Considered one of the first Algerian painters, Mohammed Racim was born into a family of artisans of Turkish origin who lived and worked in the Casbah in Algiers. Racim's father had a woodcarving and copper business, while his paternal uncle engraved tombstones. His older brother, Omar Racim, was a calligrapher who devoted much of his life to religion and politics, and who later taught illumination to Algerian students in colonial Algeria.
Mohammed Racim was raised to join his family's business. In 1910, Racim completed his studies at a French colonial school that trained Algerians for the skilled trades. Racim became a draftsman in the Cabinet de Dessin (Drafting Office) in the Service of Indigenous Arts after Prosper Ricard, then the inspector of artistic and industrial education in Algiers, noticed Racim's exceptional work. As the artist explained, "From the age of fourteen, I spent part of my days making copies and composing carpets, Arab embroideries, ornaments on copper, and sculpted wood destined to furnish models for schools, the workshops of Algeria" (quoted in Benjamin).
It was at the Cabinet de Dessin that Racim discovered Persian miniatures, which would form the basis of his artistic production throughout his career. During Racim's early attempts at painting, Racim's uncle provided technical advice while French Orientalist and Muslim convert Nasreddine Dinet (born Etienne Dinet, 1861 - 1929) offered encouragement and Racim's first commission: fifteen full-page color illustrations with Qur'anic inscriptions for the publication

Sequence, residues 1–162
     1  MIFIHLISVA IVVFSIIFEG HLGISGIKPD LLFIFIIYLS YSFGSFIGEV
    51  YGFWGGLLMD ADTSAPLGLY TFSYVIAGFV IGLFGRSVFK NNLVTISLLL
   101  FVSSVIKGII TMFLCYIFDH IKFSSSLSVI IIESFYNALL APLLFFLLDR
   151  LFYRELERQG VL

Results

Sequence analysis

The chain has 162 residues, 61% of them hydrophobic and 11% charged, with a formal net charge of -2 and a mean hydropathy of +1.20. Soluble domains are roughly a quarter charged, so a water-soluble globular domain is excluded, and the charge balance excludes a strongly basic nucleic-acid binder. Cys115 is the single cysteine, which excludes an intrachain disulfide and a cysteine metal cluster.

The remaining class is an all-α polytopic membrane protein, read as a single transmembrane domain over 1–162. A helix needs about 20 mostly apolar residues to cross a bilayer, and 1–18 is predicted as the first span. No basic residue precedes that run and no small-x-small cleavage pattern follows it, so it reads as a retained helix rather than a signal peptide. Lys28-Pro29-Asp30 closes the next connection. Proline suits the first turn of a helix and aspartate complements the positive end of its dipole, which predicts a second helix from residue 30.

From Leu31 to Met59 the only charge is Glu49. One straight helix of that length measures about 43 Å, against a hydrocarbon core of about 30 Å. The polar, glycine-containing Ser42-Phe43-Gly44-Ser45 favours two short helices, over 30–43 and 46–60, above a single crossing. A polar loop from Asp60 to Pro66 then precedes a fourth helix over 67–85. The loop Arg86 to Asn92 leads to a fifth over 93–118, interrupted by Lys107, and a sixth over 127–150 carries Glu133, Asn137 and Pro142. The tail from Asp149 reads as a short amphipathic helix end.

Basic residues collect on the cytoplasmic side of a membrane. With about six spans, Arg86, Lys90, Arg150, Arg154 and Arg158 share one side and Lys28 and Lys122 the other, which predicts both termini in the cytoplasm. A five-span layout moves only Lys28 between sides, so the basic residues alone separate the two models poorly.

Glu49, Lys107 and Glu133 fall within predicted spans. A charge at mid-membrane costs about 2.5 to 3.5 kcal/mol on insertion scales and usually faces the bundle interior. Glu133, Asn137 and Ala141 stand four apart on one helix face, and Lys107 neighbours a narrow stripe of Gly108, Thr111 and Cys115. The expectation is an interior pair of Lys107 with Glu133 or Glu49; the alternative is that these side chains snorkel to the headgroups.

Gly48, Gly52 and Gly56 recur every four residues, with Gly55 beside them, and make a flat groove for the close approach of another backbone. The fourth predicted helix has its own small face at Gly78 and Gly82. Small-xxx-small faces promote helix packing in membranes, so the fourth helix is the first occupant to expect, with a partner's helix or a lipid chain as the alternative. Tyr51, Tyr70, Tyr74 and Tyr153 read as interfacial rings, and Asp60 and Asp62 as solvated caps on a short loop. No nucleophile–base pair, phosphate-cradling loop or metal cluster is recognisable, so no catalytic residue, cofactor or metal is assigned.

Vie de Mohammed, Prophete d'Allah (1918), which Dinet co-wrote with Sliman ben Ibrahim. Racim continued to produce these traditional illuminations until the 1940s.
Racim exhibited at the Salon of the Society of Algerian and Orientalist Artists in 1923. That same year, he also won a grant from the municipality of Algiers and a medal from the Society of French Orientalist Painters in Paris. He subsequently spent eight years in Paris (1924 - 1932) where he completed page decorations for Henri Piazza's twelve-volume edition of
One Thousand and One Nights (1926-1932). In 1933, he was the first Algerian to win the Grand Prix Artistique de l'Algérie and was named professor at the Academy of Fine Arts in Algiers, where he established a school of miniaturists. He ceased painting miniatures in 1955 due to vision problems. After Algeria gained its independence in 1962, Racim was hired as a counselor to the Minister of Culture. His work has been exhibited throughout the world, in Paris, Cairo, Rome, Bucharest, Stockholm, Copenhagen, Tunis, and Algiers. Much of the artist's personal collection is now preserved at the Museum of Fine Arts in Algiers.